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I have a abstract class to create tools (like illustrator pen, selection etc). The idea is that users can create easily new tools if they like.

Some tools have a method called, "draggingSelection". I wonder if there is a way to check if a class has that object, and if so, run it. (In this case draggingSelection returns a boolean)

So far i can figure out if the method exists or not. I only can't get it the method to run. I tried things with invoke but i fail at it. My method doesn't requite any parameters. Could somone help.

public boolean draggingSelection() {

    Method[] meths = activeTool.getClass().getMethods();
    for (int i = 0; i < meths.length; i++) {
        if (meths[i].getName().equals("draggingSelection")) {
            // how can i run it?
                        //return meths[i].draggingSelection(); // wrong     
        }
    }
    return false;

}
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You can check it by reflection but a much better way is to declare an interface declaring public boolean draggingSelection() and use that. This way you get compile-time checks. –  m0skit0 Jan 11 '13 at 13:06
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3 Answers

up vote 1 down vote accepted
public interface Draggable {
    public boolean draggingSelection(int foo, int bar);
}

Then when you have a class with this method just add implements Draggable. Example:

public class Selection implements Draggable {
    public boolean draggingSelection(int foo, int bar) {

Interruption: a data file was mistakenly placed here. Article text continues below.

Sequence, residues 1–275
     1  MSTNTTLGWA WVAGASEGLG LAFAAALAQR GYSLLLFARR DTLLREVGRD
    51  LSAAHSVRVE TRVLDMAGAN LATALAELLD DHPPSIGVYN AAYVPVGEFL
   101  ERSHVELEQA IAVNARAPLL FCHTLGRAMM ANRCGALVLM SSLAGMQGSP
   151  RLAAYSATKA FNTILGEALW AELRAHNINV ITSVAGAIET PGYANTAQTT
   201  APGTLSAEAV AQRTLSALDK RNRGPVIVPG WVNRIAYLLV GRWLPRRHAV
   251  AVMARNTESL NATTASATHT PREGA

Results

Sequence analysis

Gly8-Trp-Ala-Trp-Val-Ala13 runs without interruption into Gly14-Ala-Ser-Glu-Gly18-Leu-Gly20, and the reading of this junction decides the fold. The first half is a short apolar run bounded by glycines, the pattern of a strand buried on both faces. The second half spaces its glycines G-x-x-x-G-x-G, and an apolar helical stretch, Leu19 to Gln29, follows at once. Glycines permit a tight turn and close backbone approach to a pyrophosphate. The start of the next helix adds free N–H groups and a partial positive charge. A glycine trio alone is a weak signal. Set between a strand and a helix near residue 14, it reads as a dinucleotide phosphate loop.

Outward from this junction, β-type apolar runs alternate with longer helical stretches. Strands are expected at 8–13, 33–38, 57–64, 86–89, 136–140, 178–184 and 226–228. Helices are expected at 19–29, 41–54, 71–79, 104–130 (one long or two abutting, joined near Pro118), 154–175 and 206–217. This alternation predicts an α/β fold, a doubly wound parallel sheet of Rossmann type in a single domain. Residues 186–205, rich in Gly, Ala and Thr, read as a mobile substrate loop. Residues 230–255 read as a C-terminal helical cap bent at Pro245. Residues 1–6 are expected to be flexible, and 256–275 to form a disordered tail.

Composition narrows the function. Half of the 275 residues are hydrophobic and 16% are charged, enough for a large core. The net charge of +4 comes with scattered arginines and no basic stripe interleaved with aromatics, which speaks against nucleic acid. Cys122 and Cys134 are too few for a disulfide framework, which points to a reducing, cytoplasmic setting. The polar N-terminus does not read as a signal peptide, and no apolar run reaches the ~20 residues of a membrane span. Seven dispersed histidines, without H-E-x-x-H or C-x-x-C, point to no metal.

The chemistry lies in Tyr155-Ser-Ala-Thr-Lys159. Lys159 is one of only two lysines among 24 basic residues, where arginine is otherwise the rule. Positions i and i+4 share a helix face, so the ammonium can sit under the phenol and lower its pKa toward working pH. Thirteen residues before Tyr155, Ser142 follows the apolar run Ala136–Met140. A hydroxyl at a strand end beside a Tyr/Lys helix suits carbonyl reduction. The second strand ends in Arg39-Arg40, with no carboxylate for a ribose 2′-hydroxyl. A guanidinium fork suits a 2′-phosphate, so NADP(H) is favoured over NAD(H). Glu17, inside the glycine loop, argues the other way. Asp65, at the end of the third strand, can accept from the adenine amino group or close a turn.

(insert code here)
        return baz;
    }
    (insert rest of code here)
}

Therefore your example would be:

if (activeTool instanceof Draggable) {
    ((Draggable)activeTool).draggingSelection(foo, bar);
}
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Better solution in my opinion is to check if given object's class implements some interface.

However, to call draggingSelection method, do it on an object that you are testing:

activeTool.draggingSelection()
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I wouldn't check. Just pass it as Draggable. This will give you compile time checks instead of annoying runtime checks. –  m0skit0 Jan 11 '13 at 13:08
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You could do that via reflection, but a far better solution would be to have an interface that has all the relevant methods:

public interface SelectionAware {
  public void draggingSelection(SelectionEvent e);
}

Once you have that, you have (at least) two options to use it:

  1. let your tools implement that interface and use myTool instanceof SelectionAware followed by a cast to call that method or
  2. let the tool explicitly register itself as a listener in some appropriate init method.

Option 1 is closer to what you attempted to do, but restricts the use of that interface and is not really clean code (because your code needs to "guess" if some tool implements some interface).

Option 2 is probably slightly more work (where/when to register/unregister the listener? ...), but is definitely the cleaner approach. It also has the advantage that the listeners are not restricted to being tools: anything could register such a listener.

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